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Desolate


by thorndove

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The book of sadness sat on its shelf, weeping silently.

     For as long as anyone could remember, it had been the sole chronicler of every sad story in the whole world. So full were its pages of hurt and anger that no-one except Luri the Learned came near it anymore, and that was only once a year.

     So the book was left alone, silver tears trickling down its faded cover, as dust slowly gathered upon it. Once it had been proud of its job. But these days, when it seemed that more stories were materialising between its covers every hour, it felt as though the whole world rested on its metaphorical shoulders.

     The book could still remember a time when days, even weeks, would pass before a new sad tale came to it. Back then, its cover had been a bright blue and the star on its spine metallic gold. Neopians the world over had flocked to read it: historians, Kings, adventurers. It had been an object of wonder, and everyone had loved it.

     In those days its job had seemed to be one of great importance. The book had stood straight and proud, eagerly awaiting the moments when new stories would appear for the world to read. Some were short, maybe only a few paragraphs in length. Others spanned several pages, complete with elegant borders and beautiful, if dark, illustrations.

     As the years wore on, though, the number of tales it contained grew to over one thousand. And at night, when the caretaker had locked up and everyone else had left, there was nothing to do but think back on the stories that it had been charged with keeping.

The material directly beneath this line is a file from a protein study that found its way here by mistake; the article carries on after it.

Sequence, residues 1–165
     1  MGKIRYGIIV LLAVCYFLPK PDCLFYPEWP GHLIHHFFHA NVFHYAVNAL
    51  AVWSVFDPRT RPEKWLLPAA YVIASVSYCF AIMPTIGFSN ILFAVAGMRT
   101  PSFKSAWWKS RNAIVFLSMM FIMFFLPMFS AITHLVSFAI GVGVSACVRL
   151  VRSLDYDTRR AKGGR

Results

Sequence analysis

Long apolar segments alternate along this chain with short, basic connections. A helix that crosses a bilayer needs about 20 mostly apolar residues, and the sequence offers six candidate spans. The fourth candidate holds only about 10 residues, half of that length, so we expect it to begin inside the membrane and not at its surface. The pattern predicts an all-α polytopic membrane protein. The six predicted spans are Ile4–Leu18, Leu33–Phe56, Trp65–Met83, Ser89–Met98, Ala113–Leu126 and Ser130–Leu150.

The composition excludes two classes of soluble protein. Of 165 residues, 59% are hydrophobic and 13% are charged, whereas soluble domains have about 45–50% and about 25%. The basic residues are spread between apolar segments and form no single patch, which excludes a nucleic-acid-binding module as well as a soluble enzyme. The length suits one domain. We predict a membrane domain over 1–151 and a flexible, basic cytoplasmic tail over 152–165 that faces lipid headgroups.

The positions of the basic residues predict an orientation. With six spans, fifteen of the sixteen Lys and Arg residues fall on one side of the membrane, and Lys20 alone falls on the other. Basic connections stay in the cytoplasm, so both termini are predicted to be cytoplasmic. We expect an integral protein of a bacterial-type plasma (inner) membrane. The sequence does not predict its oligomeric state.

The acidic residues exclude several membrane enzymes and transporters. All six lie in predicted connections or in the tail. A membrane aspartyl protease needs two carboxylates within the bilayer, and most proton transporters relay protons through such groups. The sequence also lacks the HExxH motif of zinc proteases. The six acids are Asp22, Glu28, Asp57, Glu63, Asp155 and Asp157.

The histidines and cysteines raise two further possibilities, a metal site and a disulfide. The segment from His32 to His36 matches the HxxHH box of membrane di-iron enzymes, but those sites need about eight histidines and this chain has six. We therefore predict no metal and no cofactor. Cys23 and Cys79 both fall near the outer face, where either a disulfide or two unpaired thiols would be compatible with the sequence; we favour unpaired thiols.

So, after centuries of learning and reflecting, the book of sadness had finally reached a point where the weight of its duty had crushed its spirits completely. It no longer felt any pride in the task it had been given, never looked forward to new tales to tell. There was no-one to read them these days, anyway. Nobody wanted to allow the shroud of sadness to descend upon their own hearts.

     And fairly enough, the book knew. More and more stories were appearing every hour, although by now it had fallen to such depths of despair that it wasn’t possible to sink any further. It had heard stories about dying heroes, and young children doomed to a servant’s life. It could narrate the saga of the Ghost Lupe, or answer virtually any question regarding Lord Kass. Why would anyone choose to know what it did? Even Luri, coming but once a year, seemed more sombre and reluctant with every visitation.